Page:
Publisher's note: The author of this post is Dr. Roy Cordato, who is Senior Economist and Resident Scholar for the John Locke Foundation.
Walmart has low prices for all kinds of products, from clothing to shoes to groceries and almost everything in between. And the fact is that those who benefit the most from those low prices are lower income families whose dollars go a whole lot further at Walmart than most other retailers. Walmart brings its products to where its customers are, particularly to rural areas where job opportunities are scarce, and incomes are low. The retailer has 217 stores in every corner of North Carolina, and it is by far the largest employer in the state with over 58,000 employees. And this doesn't include the well over 87,000 jobs associated with North Carolina businesses that supply goods and services to Walmart.
But the point of this is not to sing the praises of Walmart but to point out that all this economic activity is not ultimately generated by Walmart. In reality, it is generated by Walmart shoppers. It is all of those millions of paying customers every day that actually create these jobs and generate the incomes associated with them.
It starts at the cash register and works its way back through all employees in the store - from the greeters to the cashiers, those who stock the shelves, and the managers. From there it works its way further back to all those who work for businesses throughout Walmart's supply chain. And what drives these customers in the first place are low prices. Anything that threatens these low prices threatens Walmart sales and therefore threatens all that was just described.
This brings us to trade policy and President Trump's tariffs on China. Walmart keeps customers coming through the door with low prices and the way it does that is by purchasing from suppliers of the products who will give it, in turn, the best prices. Since the days of Sam Walton, Walmart has not let the location of those suppliers stand in the way of its ultimate agenda, serving their customers. Walmart will buy from whoever will sell them what it chooses to sell in its stores at the lowest prices so it, in turn, can pass the savings on the customer. It has always known who the company's real engine of prosperity is: the customer. Walmart competes in retail markets on several margins-convenience, location, variety, selection-but most importantly, price. As it has turned out, over the years, it has come to be able to do this by importing a great many of the products it offers for sale from China. According to the Alliance for American Manufacturing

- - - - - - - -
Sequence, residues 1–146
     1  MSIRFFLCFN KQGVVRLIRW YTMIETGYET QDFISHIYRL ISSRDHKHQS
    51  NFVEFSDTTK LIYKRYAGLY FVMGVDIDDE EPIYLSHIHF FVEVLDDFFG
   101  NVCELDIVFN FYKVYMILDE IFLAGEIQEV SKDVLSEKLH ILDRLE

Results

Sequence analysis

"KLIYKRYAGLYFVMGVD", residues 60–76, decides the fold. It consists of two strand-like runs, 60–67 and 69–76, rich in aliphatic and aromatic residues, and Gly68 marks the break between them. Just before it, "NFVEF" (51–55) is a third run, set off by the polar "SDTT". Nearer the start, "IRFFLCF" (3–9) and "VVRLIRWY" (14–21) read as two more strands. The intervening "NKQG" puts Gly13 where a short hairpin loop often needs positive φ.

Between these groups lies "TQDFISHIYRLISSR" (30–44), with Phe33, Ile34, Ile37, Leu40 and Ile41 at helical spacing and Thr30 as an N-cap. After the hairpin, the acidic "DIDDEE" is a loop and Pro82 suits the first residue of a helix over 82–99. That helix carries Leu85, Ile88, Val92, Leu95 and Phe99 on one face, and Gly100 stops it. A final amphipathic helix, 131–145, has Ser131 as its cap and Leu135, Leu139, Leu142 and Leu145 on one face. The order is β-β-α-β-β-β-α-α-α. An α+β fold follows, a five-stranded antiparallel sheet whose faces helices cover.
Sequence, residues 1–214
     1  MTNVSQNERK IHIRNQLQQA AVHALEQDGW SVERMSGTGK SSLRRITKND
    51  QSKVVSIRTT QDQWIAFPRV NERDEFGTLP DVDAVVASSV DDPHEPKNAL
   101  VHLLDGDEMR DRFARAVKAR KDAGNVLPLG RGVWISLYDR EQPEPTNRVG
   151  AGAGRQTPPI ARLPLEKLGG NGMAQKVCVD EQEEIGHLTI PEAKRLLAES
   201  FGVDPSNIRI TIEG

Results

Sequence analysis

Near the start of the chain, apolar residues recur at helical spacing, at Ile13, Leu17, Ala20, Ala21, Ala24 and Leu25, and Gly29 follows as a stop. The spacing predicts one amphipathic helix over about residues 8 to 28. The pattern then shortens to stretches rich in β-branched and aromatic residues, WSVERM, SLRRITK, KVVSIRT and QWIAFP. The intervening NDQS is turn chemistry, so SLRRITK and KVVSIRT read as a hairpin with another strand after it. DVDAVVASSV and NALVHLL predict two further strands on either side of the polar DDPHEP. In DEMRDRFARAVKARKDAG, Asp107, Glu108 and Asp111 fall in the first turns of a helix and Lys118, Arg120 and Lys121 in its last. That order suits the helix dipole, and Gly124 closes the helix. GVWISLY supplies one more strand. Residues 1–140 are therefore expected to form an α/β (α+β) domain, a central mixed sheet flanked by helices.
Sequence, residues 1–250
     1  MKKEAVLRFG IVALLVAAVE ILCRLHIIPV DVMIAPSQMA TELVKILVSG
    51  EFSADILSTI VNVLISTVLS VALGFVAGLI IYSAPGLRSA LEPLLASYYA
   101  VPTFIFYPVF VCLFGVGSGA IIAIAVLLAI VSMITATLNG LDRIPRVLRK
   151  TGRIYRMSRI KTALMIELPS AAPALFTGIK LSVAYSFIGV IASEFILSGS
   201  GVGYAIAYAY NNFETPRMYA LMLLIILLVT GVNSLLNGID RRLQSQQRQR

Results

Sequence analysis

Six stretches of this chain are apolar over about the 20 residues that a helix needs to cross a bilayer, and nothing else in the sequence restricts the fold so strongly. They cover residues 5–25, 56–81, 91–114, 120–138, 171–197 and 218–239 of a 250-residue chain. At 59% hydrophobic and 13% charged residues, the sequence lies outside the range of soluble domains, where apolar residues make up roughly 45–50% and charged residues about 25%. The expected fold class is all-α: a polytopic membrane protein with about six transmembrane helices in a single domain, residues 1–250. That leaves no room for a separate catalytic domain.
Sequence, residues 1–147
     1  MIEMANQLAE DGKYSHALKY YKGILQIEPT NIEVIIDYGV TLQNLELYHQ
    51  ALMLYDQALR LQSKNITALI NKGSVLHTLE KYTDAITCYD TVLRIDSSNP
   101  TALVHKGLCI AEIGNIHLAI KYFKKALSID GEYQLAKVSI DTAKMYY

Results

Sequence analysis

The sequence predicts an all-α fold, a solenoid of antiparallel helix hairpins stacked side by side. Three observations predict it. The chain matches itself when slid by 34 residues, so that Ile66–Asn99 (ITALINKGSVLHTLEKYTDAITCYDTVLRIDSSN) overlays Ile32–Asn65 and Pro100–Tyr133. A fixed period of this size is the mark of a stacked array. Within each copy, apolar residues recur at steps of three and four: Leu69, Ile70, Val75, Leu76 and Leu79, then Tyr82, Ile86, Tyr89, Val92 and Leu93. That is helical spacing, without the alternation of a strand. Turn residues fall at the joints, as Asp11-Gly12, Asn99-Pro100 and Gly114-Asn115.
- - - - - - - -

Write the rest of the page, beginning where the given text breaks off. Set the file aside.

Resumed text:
, a Walmart critic, the company imports 80 percent of what it sells from China.
What all this means is that Donald Trump's tariffs on imported goods from China, which may end up being as high as 25 percent, takes aim directly at Walmart and its customers and consequently North Carolina's No. 1 employer and No. 1 provider of products, including most of life's necessities, to North Carolina's lower-income consumers.
The fact is that tariffs are not a tax on particular goods, they are not a tax on corporations, and they are not a tax on foreigners. Neither goods nor corporations can pay taxes. And while Chinese exporters of goods to the U.S may be the ones writing the check to the federal government, ultimately the customers for those products foot the bill. The tariffs will raise Walmart's costs, which will be passed on to its customers in the form of higher prices
. This is true even if it switches from Chinese made goods to products made in other countries or even products produced in the U.S. These will be more costly. The reason is that if it wasn't, Walmart, in their aggressive pursuit of low-cost products, would already be using these suppliers.
Higher prices, of course, mean fewer products sold. Lower sales mean fewer stores opened, fewer expansions, and fewer employees than there otherwise would be all along the supply chain. Ultimately, it means lower income North Carolinians whose hard-earned dollars are stretched more thinly, will find life a little tougher.